The success of treatment and rehabilitation programs for abusive men largely depends on the definition of therapeutic success. Various studies have underscored the effectiveness of court-mandated treatment for battering men [25,28,29]. The initial version of the Prevention of Domestic Violence Law (1991) disregarded this issue and only set forth a general order (2b), according to which a protection order can include supplementary orders for specified remedies, such as mandatory treatment for the abuser, if the court deems them necessary for the victim’s safety. However, in the second amendment to the law (1996), Paragraph 2a stresses that the court can instruct the person named in the protection order to undergo treatment from a body specified by the court, after receiving a report from a court-appointed welfare officer confirming that the person named in the order is eligible for treatment and the existence of a suitable treatment framework [5]. This amendment constitutes an expression of the treatment-rehabilitation approach, and serves as another stepping stone toward addressing the issue of violence against women. In Israel there are 67 domestic violence treatment centers which provide batterers’ intervention programs (as well as other group and individual treatments). They belong to the local authorities and to the Ministry of Welfare and are spread all over the country. In most of the programs treatment is in the form of group therapy, it is generally led by specially trained social workers and lasts a usually around 16 weeks (few months), and participation is mostly free of charge. The groups are quite small (8–10 participants). This kind of intervention is often accompanied by some individual sessions, and if it is court mandated it is monitored by a probation officer. The focus of the meetings is mostly a cognitive–behavioral change, and the meetings focus on understanding and naming emotions, anger control techniques, learning to express needs and feelings and empathy. The group also provides emotional support and a safe place for sharing anxieties and frustrations [6,28,30,31].
Various studies [17,32,33] show a disparity between the remedies petitioned for by the victims and those that judges are inclined to include in a protection order. The remedies most commonly petitioned for by battered women are a restraining order, temporary custody of minor children, and court-mandated treatment against domestic violence for the violent man [3]. The two most common remedies, which the courts grant in almost all cases of ex-parte petitions, are restraining orders and prohibition against carrying firearms. While both remedies provide immediate safety for the petitioner, they do not address her safety in the long term. In other words, judges are evidently disinclined to grant remedies that have long-term implications (such as custody of minor children or child support), since these are summary procedures that begin with an ex parte hearing. The courts also tend to include a prohibition on using common property in the orders. More than anything, the courts tend to disregard the petitioner’s request for the violent man to undergo treatment against violence [5,12].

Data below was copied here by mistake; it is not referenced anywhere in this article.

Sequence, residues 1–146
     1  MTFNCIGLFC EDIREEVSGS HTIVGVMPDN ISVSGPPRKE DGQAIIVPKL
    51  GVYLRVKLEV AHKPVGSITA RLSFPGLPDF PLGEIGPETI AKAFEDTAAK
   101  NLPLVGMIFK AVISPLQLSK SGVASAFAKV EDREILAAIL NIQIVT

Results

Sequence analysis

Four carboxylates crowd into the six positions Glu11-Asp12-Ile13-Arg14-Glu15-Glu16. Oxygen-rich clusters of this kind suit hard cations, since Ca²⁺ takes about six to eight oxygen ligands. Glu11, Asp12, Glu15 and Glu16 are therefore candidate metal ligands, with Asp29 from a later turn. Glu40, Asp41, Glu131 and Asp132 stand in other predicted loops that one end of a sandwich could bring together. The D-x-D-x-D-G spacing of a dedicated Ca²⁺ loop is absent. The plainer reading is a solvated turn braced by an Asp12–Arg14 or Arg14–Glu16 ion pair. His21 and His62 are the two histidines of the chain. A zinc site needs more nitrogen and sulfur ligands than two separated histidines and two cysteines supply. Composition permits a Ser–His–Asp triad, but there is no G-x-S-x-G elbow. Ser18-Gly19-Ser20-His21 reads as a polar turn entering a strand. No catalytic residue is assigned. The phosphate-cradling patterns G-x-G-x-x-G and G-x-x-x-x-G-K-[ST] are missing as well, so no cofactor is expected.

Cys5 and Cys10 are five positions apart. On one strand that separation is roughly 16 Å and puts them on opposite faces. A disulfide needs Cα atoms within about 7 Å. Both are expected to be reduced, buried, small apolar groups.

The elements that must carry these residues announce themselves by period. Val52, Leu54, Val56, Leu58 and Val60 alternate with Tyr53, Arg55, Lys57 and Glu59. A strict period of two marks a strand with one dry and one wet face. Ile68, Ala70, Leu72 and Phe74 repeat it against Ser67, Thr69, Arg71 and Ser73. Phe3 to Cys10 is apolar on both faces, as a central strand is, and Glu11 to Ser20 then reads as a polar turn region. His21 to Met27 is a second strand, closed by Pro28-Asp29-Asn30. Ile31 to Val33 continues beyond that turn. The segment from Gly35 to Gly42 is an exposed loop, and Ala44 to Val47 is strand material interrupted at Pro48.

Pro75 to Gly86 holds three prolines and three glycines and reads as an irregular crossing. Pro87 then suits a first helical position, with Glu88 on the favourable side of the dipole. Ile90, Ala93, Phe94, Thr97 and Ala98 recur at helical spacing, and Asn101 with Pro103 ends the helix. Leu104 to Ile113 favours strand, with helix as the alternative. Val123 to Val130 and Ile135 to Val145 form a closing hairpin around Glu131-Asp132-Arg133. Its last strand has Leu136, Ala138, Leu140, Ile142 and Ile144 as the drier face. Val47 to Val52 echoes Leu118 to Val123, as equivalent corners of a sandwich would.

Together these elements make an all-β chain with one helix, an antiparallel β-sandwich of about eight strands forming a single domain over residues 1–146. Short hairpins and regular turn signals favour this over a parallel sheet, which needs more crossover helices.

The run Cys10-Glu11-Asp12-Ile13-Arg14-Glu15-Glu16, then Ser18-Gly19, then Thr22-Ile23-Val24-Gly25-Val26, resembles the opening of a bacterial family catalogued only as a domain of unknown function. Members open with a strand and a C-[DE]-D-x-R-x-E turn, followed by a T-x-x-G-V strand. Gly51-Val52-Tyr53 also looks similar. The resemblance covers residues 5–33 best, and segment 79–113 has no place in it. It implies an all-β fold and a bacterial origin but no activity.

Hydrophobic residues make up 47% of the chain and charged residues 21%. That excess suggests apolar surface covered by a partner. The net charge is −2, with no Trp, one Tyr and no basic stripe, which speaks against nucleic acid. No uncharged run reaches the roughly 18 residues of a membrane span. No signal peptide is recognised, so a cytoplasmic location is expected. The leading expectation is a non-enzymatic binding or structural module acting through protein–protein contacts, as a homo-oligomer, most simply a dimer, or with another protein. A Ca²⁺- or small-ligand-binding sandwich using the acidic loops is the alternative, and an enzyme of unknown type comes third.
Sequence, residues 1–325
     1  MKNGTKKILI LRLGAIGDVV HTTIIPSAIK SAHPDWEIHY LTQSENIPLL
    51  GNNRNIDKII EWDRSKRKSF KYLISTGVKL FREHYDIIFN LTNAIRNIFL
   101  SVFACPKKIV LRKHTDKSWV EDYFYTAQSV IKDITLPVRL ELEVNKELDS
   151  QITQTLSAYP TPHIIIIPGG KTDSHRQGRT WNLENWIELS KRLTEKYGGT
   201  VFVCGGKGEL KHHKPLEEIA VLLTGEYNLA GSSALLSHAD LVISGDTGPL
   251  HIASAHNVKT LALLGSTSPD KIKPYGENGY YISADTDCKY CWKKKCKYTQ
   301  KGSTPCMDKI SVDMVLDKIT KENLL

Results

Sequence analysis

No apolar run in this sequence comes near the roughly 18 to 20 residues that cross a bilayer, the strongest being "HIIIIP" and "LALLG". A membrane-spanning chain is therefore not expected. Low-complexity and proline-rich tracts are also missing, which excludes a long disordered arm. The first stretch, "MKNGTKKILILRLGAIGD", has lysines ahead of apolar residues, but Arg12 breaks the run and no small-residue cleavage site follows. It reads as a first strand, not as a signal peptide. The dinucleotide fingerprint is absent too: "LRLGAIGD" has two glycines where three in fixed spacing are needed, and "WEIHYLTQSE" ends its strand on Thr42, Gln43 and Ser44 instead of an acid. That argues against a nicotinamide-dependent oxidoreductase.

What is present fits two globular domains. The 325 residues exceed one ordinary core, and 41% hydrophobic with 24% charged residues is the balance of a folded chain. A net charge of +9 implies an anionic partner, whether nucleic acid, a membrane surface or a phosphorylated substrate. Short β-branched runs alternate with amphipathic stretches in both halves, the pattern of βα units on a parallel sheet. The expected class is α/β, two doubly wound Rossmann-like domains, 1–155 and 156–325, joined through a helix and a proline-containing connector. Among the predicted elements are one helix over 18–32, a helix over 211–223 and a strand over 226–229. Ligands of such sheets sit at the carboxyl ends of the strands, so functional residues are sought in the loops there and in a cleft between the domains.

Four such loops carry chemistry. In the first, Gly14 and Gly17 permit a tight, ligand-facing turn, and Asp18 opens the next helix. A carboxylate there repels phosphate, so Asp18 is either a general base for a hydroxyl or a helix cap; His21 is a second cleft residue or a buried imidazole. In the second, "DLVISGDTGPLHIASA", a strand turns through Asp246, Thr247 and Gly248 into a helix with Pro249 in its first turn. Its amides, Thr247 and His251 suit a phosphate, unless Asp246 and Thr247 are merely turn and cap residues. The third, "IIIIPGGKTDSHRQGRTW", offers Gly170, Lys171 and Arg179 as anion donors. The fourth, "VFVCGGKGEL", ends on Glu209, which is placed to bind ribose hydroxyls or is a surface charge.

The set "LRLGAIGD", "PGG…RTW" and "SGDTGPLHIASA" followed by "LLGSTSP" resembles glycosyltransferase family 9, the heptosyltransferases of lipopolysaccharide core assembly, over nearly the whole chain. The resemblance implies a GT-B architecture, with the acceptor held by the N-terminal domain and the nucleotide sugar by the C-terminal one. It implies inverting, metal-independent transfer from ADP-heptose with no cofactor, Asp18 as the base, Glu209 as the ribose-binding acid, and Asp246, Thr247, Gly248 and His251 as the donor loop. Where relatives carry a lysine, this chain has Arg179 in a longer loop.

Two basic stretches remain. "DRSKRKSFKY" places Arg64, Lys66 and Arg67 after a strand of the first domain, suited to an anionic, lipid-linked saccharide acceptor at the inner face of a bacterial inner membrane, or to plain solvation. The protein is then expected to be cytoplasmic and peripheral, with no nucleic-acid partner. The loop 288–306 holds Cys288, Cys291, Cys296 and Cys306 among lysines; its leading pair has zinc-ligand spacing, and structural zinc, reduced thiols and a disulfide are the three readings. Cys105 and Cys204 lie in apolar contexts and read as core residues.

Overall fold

4. Method

In 2002, we were granted permission by the then Chief Administrator of the Courts to study the hearings regarding petitions filed by battered women for protection orders, which are conducted in camera. We gathered the protection orders served by courts in the north of Israel (N = 260) in 2001, conducted a content analysis, and then fed the data into an SPSS program in order to obtain quantitative information on some of the studied issues.

4.1. Sample

The protection orders were gathered from the archives of the Haifa District Court, the Nazareth Illit District Court, and the Kiryat Shmona Magistrates Court, which are the three biggest courts in the north of Israel. For the purpose of the present study, we only gathered protection orders that were petitioned for in 2001, whose hearings had been concluded and whose files were inactive by 2002, and the grounds for the petition were a man’s violence against his spouse (as opposed to petitions filed by parents against a violent son, etc.); a total of 260 case files. In 213 of the cases, a second petition was filed, the first ex parte and the second in the presence of both parties, in 27 cases the hearings continued into a third petition, and in nine cases into a fourth.
In 47 cases the hearings were concluded after the first petition. The main reasons for this were: in 35 cases the first petition was denied, in eight cases neither the petitioner nor the respondent appeared at the second hearing, and in four cases no reasons were provided in the case file.
We studied and recorded only the orders themselves, without any of the additional documents. The names were erased from the orders and each file was given a number.

4.2. Analysis Tools

Analysis of the case files was split into two stages. First, a preliminary analysis of all the files was conducted, which included feeding various details regarding the cases into an SPSS program, and content analysis that focused primarily on the judges’ arguments for granting (or denying) a protection order and attendant remedies. The findings were then encoded and quantified in order to obtain a lateral picture of the findings. The preliminary analysis referred separately to the first and second orders, and examined the following issues: the grounds for the petition for a protection order, the status of the abuser (husband, partner, divorcé, separated spouse, father of the petitioner’s children, etc.), who attended the hearing (i.e., the issue of legal representation—was the woman or the man represented by an attorney), the content of the petition (i.e., what remedies were sought by the petitioner), was there or had there been any previous complaint filed with the police by the petitioner against the abuser, the judge’s ruling (was a protection order served or not, and if it was, what remedies were granted), and finally, what were the judge’s arguments for granting or denying the petition for a protection order.